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  1. CS 352H: Computer Systems Architecture Topic 14: Multicores, Multiprocessors, and Clusters

  2. Introduction • Goal: connecting multiple computersto get higher performance • Multiprocessors • Scalability, availability, power efficiency • Job-level (process-level) parallelism • High throughput for independent jobs • Parallel processing program • Single program run on multiple processors • Multicore microprocessors • Chips with multiple processors (cores) University of Texas at Austin CS352H - Computer Systems Architecture Fall 2009 Don Fussell 2

  3. Hardware and Software • Hardware • Serial: e.g., Pentium 4 • Parallel: e.g., quad-core Xeon e5345 • Software • Sequential: e.g., matrix multiplication • Concurrent: e.g., operating system • Sequential/concurrent software can run on serial/parallel hardware • Challenge: making effective use of parallel hardware University of Texas at Austin CS352H - Computer Systems Architecture Fall 2009 Don Fussell 3

  4. What We’ve Already Covered • §2.11: Parallelism and Instructions • Synchronization • §3.6: Parallelism and Computer Arithmetic • Associativity • §4.10: Parallelism and Advanced Instruction-Level Parallelism • §5.8: Parallelism and Memory Hierarchies • Cache Coherence • §6.9: Parallelism and I/O: • Redundant Arrays of Inexpensive Disks University of Texas at Austin CS352H - Computer Systems Architecture Fall 2009 Don Fussell 4

  5. Parallel Programming • Parallel software is the problem • Need to get significant performance improvement • Otherwise, just use a faster uniprocessor, since it’s easier! • Difficulties • Partitioning • Coordination • Communications overhead University of Texas at Austin CS352H - Computer Systems Architecture Fall 2009 Don Fussell 5

  6. Amdahl’s Law • Sequential part can limit speedup • Example: 100 processors, 90× speedup? • Tnew = Tparallelizable/100 + Tsequential • Solving: Fparallelizable = 0.999 • Need sequential part to be 0.1% of original time University of Texas at Austin CS352H - Computer Systems Architecture Fall 2009 Don Fussell 6

  7. Scaling Example • Workload: sum of 10 scalars, and 10 × 10 matrix sum • Speed up from 10 to 100 processors • Single processor: Time = (10 + 100) × tadd • 10 processors • Time = 10 × tadd + 100/10 × tadd = 20 × tadd • Speedup = 110/20 = 5.5 (55% of potential) • 100 processors • Time = 10 × tadd + 100/100 × tadd = 11 × tadd • Speedup = 110/11 = 10 (10% of potential) • Assumes load can be balanced across processors University of Texas at Austin CS352H - Computer Systems Architecture Fall 2009 Don Fussell 7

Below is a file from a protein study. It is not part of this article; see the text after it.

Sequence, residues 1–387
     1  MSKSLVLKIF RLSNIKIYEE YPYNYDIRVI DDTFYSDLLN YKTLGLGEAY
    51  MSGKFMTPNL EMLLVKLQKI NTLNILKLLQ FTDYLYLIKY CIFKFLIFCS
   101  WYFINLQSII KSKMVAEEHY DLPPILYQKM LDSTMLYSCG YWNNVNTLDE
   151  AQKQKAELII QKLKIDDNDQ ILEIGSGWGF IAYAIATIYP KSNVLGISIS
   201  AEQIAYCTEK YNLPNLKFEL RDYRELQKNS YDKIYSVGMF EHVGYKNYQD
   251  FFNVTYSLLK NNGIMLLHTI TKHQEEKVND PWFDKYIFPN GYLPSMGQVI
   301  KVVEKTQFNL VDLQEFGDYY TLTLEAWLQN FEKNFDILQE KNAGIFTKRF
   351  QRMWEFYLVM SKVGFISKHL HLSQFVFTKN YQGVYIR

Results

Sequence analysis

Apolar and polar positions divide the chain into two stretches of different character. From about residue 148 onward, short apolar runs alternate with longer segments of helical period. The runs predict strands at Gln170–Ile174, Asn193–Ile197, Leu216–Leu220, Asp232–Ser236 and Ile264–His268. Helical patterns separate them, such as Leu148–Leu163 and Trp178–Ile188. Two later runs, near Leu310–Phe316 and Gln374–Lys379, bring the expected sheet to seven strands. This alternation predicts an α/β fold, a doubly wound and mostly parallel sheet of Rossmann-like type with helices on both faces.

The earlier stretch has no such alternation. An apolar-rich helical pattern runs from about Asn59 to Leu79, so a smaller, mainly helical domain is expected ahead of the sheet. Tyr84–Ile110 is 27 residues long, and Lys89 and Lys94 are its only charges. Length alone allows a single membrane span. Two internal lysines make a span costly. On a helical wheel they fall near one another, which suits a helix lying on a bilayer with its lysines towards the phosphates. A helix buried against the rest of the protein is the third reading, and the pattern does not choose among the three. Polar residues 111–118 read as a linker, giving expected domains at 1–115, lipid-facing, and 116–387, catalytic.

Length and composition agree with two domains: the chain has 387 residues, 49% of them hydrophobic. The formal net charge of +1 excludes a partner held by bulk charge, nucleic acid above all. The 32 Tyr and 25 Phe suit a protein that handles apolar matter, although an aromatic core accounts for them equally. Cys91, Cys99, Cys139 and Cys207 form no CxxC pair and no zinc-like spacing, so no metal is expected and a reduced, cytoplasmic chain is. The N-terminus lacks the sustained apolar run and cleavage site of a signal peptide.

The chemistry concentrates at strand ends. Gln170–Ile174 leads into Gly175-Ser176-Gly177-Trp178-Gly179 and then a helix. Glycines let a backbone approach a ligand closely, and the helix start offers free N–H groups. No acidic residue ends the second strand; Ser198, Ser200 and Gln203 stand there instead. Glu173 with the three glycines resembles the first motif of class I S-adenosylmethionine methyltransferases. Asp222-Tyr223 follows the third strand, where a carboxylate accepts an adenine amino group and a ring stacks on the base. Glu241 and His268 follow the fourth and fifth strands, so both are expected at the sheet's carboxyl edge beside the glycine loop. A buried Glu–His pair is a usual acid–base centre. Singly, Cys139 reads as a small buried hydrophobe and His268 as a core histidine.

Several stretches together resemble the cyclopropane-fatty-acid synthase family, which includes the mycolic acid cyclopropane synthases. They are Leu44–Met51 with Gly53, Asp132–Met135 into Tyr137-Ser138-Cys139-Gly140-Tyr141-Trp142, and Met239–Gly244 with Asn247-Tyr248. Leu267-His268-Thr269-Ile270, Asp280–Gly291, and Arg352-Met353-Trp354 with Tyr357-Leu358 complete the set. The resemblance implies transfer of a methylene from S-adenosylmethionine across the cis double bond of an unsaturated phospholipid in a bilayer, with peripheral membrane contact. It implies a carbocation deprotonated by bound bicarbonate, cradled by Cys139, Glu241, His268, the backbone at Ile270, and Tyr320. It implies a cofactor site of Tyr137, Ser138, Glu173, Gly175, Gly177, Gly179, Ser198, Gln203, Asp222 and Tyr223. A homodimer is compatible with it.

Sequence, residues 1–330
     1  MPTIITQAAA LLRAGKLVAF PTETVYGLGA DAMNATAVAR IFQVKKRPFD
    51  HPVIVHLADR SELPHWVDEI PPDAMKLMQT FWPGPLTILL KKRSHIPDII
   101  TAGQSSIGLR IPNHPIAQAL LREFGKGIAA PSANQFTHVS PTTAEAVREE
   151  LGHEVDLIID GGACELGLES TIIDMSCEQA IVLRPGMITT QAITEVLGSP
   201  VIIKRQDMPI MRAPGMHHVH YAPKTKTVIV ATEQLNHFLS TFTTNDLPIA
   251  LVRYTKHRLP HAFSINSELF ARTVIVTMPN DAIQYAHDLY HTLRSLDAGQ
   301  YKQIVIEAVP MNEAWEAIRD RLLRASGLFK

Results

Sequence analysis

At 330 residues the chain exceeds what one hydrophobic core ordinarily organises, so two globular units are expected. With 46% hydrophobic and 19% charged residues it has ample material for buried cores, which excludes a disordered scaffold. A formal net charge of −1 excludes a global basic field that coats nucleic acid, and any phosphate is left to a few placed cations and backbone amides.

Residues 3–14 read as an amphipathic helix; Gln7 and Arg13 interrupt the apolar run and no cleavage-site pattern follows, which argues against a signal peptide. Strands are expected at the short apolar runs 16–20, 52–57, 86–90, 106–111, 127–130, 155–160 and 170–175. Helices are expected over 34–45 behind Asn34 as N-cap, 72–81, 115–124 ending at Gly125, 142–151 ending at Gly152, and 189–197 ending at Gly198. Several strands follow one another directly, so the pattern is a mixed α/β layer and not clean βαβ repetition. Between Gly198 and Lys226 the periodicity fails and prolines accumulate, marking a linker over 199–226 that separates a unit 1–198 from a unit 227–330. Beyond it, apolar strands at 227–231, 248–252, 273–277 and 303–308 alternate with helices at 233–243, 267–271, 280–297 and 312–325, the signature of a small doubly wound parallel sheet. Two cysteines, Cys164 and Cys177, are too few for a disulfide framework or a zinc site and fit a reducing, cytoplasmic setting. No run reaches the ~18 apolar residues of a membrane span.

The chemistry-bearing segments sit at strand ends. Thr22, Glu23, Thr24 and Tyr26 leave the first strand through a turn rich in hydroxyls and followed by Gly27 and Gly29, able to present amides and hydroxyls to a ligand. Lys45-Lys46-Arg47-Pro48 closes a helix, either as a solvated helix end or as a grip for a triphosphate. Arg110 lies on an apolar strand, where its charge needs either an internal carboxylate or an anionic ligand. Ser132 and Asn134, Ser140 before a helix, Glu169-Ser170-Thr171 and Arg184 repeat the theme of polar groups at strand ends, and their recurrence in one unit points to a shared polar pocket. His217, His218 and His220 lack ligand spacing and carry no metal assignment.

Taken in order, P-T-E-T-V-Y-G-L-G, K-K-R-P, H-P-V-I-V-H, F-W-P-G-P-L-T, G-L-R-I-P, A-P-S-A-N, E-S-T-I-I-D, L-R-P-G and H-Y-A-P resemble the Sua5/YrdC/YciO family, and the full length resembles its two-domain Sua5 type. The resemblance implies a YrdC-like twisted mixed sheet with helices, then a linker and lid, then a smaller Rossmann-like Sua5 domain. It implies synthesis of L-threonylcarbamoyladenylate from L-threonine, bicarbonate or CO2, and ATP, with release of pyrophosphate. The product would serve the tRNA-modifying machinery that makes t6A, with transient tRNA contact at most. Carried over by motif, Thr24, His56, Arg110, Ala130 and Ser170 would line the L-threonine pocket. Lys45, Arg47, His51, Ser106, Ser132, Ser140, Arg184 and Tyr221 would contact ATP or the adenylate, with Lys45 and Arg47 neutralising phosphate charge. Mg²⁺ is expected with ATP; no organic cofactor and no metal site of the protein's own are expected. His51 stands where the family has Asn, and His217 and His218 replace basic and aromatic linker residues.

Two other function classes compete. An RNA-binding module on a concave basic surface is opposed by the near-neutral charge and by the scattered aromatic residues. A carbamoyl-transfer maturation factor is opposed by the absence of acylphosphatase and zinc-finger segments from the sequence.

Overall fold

8. Scaling Example (cont) • What if matrix size is 100 × 100? • Single processor: Time = (10 + 10000) × tadd • 10 processors • Time = 10 × tadd + 10000/10 × tadd = 1010 × tadd • Speedup = 10010/1010 = 9.9 (99% of potential) • 100 processors • Time = 10 × tadd + 10000/100 × tadd = 110 × tadd • Speedup = 10010/110 = 91 (91% of potential) • Assuming load balanced University of Texas at Austin CS352H - Computer Systems Architecture Fall 2009 Don Fussell 8

  9. Strong vs Weak Scaling • Strong scaling: problem size fixed • As in example • Weak scaling: problem size proportional to number of processors • 10 processors, 10 × 10 matrix • Time = 20 × tadd • 100 processors, 32 × 32 matrix • Time = 10 × tadd + 1000/100 × tadd = 20 × tadd • Constant performance in this example University of Texas at Austin CS352H - Computer Systems Architecture Fall 2009 Don Fussell 9

  10. Shared Memory • SMP: shared memory multiprocessor • Hardware provides single physicaladdress space for all processors • Synchronize shared variables using locks • Memory access time • UMA (uniform) vs. NUMA (nonuniform) University of Texas at Austin CS352H - Computer Systems Architecture Fall 2009 Don Fussell 10

  11. Example: Sum Reduction • Sum 100,000 numbers on 100 processor UMA • Each processor has ID: 0 ≤ Pn ≤ 99 • Partition 1000 numbers per processor • Initial summation on each processor sum[Pn] = 0; for (i = 1000*Pn; i < 1000*(Pn+1); i = i + 1) sum[Pn] = sum[Pn] + A[i]; • Now need to add these partial sums • Reduction: divide and conquer • Half the processors add pairs, then quarter, … • Need to synchronize between reduction steps University of Texas at Austin CS352H - Computer Systems Architecture Fall 2009 Don Fussell 11

  12. Example: Sum Reduction half = 100; repeat synch(); if (half%2 != 0 && Pn == 0) sum[0] = sum[0] + sum[half-1]; /* Conditional sum needed when half is odd; Processor0 gets missing element */ half = half/2; /* dividing line on who sums */ if (Pn < half) sum[Pn] = sum[Pn] + sum[Pn+half]; until (half == 1); University of Texas at Austin CS352H - Computer Systems Architecture Fall 2009 Don Fussell 12